Bye-Bye Beachwear, Hello Backpacks: Back to School Season is Upon Us!
By: MJ Boice, Staff Writer
The weather’s still warm and the pools are still open, but kids across the nation are groaning in unison at the “Back to School Sale” ads in the stores and on TV. We’re betting a few parents are groaning along with them, too!
The hustle and bustle of back to school season can be daunting, especially if you’ve recently moved to a new area. Military kids face education challenges that many of their civilian counterparts don’t experience, so to help make a smooth transition from poolside to classroom, we’ve compiled a list of resources to help keep the roadblocks to a minimum.
The Interstate Compact on Educational Opportunity for Military Children
The Compact is an agreement signed by all 50 states and the District of Columbia designed to address the common obstacles military kids can face when moving from one school district to another. For example, if your child was in kindergarten or first grade at your previous duty station, they should be allowed to enter the next grade, even if they miss the new location’s age cutoff. If they were in the gifted program or received accommodations for special needs, the new school should place your child in a similar program.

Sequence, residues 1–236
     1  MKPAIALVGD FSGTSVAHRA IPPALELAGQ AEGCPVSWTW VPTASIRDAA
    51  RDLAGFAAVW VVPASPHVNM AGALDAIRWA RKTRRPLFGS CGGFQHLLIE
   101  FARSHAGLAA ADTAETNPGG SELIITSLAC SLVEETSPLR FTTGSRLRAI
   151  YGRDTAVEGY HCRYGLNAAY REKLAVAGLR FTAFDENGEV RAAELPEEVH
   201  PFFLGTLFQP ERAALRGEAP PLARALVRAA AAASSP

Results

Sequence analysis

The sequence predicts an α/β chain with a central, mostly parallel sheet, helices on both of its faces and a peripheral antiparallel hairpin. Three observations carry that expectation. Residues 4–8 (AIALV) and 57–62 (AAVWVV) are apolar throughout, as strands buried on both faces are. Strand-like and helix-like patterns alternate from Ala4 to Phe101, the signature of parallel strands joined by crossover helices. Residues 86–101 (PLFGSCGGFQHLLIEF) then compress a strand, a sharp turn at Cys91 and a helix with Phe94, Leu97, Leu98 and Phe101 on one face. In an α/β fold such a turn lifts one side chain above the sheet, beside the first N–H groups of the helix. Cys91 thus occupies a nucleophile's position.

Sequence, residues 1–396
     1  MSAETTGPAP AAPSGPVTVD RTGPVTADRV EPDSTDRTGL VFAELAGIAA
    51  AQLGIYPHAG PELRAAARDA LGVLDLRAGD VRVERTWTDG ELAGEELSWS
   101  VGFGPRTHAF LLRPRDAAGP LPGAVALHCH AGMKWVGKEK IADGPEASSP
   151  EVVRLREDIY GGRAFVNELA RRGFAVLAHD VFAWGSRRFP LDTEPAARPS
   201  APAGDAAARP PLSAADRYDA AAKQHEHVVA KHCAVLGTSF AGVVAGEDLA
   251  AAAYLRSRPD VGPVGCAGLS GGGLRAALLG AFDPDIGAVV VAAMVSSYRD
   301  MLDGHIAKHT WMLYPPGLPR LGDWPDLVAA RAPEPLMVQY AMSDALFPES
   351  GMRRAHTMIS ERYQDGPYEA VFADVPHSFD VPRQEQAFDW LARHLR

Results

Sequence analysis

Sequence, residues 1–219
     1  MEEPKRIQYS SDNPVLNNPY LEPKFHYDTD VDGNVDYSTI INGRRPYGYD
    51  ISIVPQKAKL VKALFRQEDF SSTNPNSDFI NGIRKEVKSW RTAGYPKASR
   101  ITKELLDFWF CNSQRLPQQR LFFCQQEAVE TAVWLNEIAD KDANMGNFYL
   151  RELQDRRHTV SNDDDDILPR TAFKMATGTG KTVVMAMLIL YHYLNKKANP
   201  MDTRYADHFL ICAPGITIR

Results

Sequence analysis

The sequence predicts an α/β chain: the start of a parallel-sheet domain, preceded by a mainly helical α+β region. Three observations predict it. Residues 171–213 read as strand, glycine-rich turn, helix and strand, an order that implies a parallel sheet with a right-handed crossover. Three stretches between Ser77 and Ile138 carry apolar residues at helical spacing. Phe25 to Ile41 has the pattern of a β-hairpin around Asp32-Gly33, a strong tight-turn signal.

The Compact also covers immunization, graduation, and records requirements, as well. For additional information on the Compact click here to learn more.
School Liaison Officer
Your installation or area School Liaison Officer (SLO) is your go-to education resource when transitioning to a new school district. The SLO can help navigate local education policies and requirements, and also serve as the main point of contact between your installation and local school district.
The SLO is also fluent in educating the local schools about military life challenges. If you find yourself dealing with a school policy pickle, they can help advocate for you and your military-connected student. For additional information or to locate your installation’s SLO, click here to learn more.
“Must Have” K-12 Education Resources
Posted August 10, 2017